(f) A supportive learning environment. Despite their strong academic focus, these teachers maintain pleasant, friendly classrooms and are perceived by their students as enthusiastic, supportive instructors.
In addition to these more generic ﬁndings, teacher eﬀects research has contributed knowledge about qualitative aspects of instructional methods and classroom processes. Research on teachers’ lectures and demonstrations has veriﬁed the importance of delivering these presentations with enthusiasm and organizing their content so as to maximize their clarity and ‘learner friendliness.’ Various studies have shown the value of pacing, gestures, and other oral communication skills; avoiding vagueness, ambiguity, and discontinuity; beginning with advance organizers or previews that include general principles, outlines, or questions that establish a learning orientation; brieﬂy describing the objectives and alerting students to new or key concepts; presenting new information with reference to what students already know about the topic; proceeding in small steps, sequenced in ways that are easy to follow; eliciting student responses regularly to stimulate active learning and ensuring that each step is mastered before moving to the next; ﬁnishing with a review of main points, stressing general integrative concepts; and following up with questions or assignments that require students to encode the material in their own words and apply or extend it to new contexts.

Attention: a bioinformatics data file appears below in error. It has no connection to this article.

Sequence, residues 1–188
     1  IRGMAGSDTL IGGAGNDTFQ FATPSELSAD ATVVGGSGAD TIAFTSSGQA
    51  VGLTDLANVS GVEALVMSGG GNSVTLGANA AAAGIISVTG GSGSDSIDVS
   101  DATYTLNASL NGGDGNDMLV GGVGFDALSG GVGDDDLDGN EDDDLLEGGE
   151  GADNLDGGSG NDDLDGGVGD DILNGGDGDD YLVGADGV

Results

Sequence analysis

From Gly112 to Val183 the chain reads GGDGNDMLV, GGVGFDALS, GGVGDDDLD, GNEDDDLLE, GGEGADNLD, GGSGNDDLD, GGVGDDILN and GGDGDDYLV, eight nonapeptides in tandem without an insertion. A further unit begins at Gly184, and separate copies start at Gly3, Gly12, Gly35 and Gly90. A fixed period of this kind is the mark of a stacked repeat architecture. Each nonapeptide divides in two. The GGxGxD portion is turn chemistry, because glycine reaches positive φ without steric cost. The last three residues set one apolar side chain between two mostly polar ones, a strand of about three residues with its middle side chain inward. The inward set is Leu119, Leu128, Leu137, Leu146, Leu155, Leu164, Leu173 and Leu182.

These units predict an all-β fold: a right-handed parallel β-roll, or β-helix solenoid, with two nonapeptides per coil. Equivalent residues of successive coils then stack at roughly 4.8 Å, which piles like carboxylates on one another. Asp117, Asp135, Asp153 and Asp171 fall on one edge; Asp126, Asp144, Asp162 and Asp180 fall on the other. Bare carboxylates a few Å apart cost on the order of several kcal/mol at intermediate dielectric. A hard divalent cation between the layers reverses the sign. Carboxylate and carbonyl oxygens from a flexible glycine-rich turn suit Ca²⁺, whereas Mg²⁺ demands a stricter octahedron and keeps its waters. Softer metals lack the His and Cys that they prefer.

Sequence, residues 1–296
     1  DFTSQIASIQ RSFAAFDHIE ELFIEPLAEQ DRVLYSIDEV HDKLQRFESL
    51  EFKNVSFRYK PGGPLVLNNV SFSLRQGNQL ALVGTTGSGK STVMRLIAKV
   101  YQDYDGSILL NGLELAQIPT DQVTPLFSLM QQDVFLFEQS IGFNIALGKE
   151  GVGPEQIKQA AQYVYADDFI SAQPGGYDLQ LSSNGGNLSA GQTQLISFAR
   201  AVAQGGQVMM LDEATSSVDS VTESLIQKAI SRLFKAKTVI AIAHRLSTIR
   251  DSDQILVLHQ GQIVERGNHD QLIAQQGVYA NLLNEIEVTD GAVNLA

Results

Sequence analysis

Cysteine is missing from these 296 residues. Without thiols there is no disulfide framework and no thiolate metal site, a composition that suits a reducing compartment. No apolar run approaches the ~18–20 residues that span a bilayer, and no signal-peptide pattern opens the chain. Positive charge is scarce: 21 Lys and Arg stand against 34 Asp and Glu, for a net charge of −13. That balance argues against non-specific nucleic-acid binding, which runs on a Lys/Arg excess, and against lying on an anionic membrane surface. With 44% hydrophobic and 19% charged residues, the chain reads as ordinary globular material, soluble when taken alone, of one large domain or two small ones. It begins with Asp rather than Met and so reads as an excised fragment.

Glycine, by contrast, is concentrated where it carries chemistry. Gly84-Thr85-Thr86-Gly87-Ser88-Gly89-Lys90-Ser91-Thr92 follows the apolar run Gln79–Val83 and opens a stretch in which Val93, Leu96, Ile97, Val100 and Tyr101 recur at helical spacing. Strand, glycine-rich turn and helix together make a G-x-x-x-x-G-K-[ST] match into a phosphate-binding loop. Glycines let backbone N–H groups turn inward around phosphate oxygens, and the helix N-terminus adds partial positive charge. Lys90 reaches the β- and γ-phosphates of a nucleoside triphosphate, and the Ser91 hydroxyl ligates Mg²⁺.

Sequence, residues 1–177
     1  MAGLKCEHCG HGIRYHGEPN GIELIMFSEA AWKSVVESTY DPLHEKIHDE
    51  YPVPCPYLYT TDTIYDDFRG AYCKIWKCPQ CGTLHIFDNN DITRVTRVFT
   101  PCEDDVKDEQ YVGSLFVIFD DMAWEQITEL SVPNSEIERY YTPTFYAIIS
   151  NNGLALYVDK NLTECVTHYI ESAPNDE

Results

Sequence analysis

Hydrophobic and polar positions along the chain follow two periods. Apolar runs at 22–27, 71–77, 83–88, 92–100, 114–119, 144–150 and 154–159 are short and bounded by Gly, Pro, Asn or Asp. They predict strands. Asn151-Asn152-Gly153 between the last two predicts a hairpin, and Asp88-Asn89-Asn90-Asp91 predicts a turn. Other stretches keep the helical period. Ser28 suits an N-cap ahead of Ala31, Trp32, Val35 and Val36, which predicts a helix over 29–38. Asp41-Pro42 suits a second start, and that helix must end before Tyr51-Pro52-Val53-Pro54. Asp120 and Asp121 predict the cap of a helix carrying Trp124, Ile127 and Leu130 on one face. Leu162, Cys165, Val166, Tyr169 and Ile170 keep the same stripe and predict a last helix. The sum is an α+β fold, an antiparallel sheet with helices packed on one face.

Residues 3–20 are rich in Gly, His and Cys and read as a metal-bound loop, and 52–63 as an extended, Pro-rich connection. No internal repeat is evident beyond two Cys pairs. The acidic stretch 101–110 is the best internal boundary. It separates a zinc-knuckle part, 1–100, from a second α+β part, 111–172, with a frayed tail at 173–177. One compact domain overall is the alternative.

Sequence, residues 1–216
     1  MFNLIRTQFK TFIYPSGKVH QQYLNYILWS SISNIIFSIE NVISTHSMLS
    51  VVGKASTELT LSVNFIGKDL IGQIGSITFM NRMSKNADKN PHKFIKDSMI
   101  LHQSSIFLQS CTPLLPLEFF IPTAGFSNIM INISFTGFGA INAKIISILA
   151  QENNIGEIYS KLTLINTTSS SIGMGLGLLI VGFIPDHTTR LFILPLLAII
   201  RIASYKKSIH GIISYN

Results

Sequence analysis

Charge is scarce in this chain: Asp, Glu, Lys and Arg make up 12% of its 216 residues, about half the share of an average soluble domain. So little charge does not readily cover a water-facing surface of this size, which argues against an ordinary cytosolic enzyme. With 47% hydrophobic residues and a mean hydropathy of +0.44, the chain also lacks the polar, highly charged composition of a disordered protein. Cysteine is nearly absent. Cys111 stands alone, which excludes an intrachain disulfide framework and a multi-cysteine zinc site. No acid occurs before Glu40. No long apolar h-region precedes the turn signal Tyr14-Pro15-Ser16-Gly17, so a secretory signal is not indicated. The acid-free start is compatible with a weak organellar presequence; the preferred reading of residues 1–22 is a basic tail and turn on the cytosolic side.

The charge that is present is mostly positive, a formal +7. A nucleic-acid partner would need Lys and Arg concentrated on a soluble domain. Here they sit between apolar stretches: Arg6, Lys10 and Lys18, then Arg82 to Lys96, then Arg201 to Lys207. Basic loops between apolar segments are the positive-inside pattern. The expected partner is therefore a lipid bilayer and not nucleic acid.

Research on teacher–student interaction processes has identiﬁed important dimensions of interactive discourse that need to be adjusted to the instructional goals, the students, and various context factors. The diﬃculty levels of questions need to be suited to the students’ levels of ability and prior knowledge. The forms and cognitive levels of the questions need to be suited to the instructional goals. Primarily closed-ended and factual questions might be appropriate when teachers are assessing prior knowledge or reviewing new learning, but most instructional goals require more emphasis on open-ended questions that call for students to apply, analyze, synthesize, or evaluate what they are learning. Questions should be addressed to the class as a whole rather than to an individual designated in advance. This encourages all of the students, not just the one who eventually is called on, to listen carefully and respond thoughtfully to each question. Another important dimension is wait time. After posing a question, teachers need to pause to allow students time to process the question and at least begin to formulate responses, especially if the question is complicated or high in cognitive level of response demand.